You can probably make a good argument that Andy Weir’s 2012 novel The Martian was inspired by Landis’ book. Certainly both novels describe the technical problems that must be solved by people who are marooned on Mars with very little in the way of resources to keep them alive. Weir’s novel went on to win multiple awards and it was even turned into a rather good movie as well. But, in my opinion, Weir’s novel is much inferior to Landis’. The Martian consists largely of technological gimmickry and it contains far too many infodumps for comfort. Mars Crossing addresses many of the same problems as Weir’s novel, but manages to do it with much less hand waving. Even though, behind the scenes, it contains a much more in-depth investigation of the nature of the beast than does Weir’s novel, it never has to resort to lectures about thermodynamics or dive into abstruse chemical and biochemical reasoning – those things are all there of course, hidden behind the scenes for those who have eyes to see them, but they arise naturally out of the course of the story itself without the author ever having to insert a couple of paragraphs that sound rather like a lecture to a crowd of bored undergraduates.

I can easily imagine myself reading Mars Crossing again in a few years time when the details have started to fade from my mind a little. On the other hand, I have no desire ever to re-read The Martian because it is just too amateurish for words. I mildly enjoyed it when I first read it, but its flaws are much too blatant to make me want to return to it (and for once, I think that the movie was actually much better than the book).

The New Iberia Blues is the 22nd novel that James Lee Burke has written about the New Orleans detective Dave Robicheaux – but don’t let that put you off. You don’t have to have read the earlier volumes to enjoy this one, it works very well as a stand alone story.

Dave Robicheaux discovers the crucified body of a young woman near the house of Hollywood director Desmond Cormier. Cormier is an example of local boy made good – he and Robicheaux were at school together but Cormier left home to make his fortune in Hollywood. He was successful beyond his wildest dreams and now he has come back to his old stamping grounds to make another movie.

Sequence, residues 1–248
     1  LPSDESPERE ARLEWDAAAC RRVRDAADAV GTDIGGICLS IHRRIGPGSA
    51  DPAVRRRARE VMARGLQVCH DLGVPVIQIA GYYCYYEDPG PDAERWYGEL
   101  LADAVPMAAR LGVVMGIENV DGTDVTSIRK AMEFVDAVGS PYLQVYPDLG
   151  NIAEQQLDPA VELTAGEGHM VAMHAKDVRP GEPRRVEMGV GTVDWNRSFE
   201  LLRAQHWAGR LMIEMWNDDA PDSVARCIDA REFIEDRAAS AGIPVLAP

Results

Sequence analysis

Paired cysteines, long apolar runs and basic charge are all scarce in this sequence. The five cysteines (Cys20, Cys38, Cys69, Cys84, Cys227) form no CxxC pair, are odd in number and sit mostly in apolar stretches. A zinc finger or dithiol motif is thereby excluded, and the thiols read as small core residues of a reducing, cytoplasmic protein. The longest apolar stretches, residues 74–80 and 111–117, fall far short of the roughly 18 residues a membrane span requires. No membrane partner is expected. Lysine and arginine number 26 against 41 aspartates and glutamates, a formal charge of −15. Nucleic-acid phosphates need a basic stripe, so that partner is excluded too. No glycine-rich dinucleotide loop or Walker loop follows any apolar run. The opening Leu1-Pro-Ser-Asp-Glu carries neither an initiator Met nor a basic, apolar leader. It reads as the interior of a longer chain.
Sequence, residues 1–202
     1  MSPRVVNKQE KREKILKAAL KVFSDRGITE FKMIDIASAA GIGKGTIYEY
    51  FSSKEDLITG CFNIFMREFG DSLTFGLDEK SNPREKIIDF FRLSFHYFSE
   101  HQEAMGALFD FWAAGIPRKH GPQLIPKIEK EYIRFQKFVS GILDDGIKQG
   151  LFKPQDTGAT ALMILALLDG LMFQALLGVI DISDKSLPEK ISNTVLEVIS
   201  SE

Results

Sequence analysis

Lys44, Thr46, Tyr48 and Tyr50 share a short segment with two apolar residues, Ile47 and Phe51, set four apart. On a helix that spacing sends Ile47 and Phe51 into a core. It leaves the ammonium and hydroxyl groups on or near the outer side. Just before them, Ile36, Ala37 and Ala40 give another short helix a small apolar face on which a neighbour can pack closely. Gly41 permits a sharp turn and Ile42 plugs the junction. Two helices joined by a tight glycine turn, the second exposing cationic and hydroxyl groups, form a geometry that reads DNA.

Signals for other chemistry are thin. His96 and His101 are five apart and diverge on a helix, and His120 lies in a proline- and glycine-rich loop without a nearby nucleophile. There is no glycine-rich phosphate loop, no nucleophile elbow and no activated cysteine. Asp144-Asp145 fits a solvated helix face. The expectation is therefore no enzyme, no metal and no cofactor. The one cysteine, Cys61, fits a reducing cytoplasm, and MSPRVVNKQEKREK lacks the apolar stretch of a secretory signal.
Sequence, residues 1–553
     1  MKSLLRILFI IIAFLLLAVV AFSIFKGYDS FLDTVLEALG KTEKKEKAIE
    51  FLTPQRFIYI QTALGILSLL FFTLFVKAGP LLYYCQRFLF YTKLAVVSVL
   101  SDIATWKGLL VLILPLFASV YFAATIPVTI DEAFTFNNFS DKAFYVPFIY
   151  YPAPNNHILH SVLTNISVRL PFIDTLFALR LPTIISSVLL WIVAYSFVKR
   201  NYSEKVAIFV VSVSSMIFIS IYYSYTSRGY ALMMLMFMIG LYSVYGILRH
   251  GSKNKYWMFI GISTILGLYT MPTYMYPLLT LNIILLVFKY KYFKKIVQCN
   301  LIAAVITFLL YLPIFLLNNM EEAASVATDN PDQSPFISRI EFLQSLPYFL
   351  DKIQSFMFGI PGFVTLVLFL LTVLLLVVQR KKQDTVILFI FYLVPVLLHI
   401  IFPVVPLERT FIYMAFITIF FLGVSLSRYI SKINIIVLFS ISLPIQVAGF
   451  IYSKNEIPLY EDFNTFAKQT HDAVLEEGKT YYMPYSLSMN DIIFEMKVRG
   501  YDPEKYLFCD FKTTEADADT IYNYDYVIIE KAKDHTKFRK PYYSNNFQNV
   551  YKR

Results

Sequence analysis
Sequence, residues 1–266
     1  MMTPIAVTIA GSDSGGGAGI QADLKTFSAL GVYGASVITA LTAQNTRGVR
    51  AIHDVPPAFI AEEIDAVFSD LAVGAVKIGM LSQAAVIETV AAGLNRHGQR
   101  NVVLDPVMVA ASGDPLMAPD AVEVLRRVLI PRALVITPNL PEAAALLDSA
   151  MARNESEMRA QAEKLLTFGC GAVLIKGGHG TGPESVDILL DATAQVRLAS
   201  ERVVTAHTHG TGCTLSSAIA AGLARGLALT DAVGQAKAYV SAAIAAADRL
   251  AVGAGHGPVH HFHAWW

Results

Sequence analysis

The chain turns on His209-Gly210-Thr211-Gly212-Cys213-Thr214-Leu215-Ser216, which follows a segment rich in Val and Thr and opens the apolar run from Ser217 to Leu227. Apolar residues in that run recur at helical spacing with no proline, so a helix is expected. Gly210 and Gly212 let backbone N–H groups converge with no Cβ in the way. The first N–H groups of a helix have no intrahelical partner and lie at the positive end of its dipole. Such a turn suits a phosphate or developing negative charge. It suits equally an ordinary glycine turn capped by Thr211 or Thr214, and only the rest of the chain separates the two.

Following Robicheaux’s discovery of the corpse on a cross, more oddly ritualistic murders start to pile up left, right and centre – somebody seems to be deliberately attempting to make a real life tarot pack out of the murder victims.  And Cormier himself is in financial trouble. It is rumoured that various unsavoury characters are backing the movie as a means of laundering their money. Could there be a connection between the tarot murders and the movie moguls?

The plot is completely dumb, of course, and it’s quite impossible to take it seriously. But that’s not the point. Burke’s novels are really all about the Louisiana swamplands and the corruption endemic in Louisiana society (even Robicheaux himself is very far from being a knight in shining armour) and all these things are beautifully and agonisingly portrayed. Burke writes such vividly metaphoric prose that you can taste, smell and feel the swamps, and the bayous and everything else that defines Louisiana in the miasmas that arise from every page. And you can count every dollar of the money that greases all the extended palms.

Everything in the story sinks or swims on the basis of your belief in the main character of course. If you don’t believe in Dave Robicheaux you will certainly never believe in the melodramas he involves himself with. Robicheaux is a complex man, driven by demons both real and imagined. He fought in Vietnam and the mental and physical scars he brought back from the jungles continue to haunt him. He is an alcoholic who doesn’t drink any more and he is three times a widower. It is sometimes hard to understand how he continues to function at all. In the lonely reaches of the night, when his spirits are at their lowest ebb, he sees things that might be ghosts and he talks to things that might not be there. He gets a lot of help that way. Louisiana is the home of the blues. Dave Robicheaux is one of the reasons why the music continues to flourish.